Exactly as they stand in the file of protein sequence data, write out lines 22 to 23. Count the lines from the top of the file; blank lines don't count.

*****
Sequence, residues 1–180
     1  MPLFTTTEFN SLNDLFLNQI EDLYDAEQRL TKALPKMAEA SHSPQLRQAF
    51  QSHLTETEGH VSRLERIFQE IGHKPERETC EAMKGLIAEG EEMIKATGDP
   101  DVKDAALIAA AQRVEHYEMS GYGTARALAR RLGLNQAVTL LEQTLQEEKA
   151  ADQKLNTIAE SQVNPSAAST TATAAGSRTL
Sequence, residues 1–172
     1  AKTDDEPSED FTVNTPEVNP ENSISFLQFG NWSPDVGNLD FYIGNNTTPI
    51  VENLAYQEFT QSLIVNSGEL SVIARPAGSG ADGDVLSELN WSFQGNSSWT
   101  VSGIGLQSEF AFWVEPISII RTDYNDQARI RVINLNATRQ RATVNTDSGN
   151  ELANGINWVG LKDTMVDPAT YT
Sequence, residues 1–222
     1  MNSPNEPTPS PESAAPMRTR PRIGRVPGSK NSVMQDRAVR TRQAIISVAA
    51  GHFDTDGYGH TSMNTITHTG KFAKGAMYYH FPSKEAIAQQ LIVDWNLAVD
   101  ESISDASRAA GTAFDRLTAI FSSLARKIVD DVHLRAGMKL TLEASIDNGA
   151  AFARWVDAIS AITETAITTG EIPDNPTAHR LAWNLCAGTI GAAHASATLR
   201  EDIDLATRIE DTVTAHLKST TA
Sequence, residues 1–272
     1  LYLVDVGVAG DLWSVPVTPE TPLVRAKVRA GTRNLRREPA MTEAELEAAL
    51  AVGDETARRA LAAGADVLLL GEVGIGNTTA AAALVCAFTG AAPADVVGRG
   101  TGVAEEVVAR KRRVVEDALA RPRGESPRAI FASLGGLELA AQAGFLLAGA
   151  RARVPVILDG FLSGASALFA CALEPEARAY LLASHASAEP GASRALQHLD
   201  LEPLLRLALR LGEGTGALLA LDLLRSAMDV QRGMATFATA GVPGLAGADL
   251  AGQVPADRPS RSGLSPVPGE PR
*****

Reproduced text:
   201  LEPLLRLALR LGEGTGALLA LDLLRSAMDV QRGMATFATA GVPGLAGADL
   251  AGQVPADRPS RSGLSPVPGE PR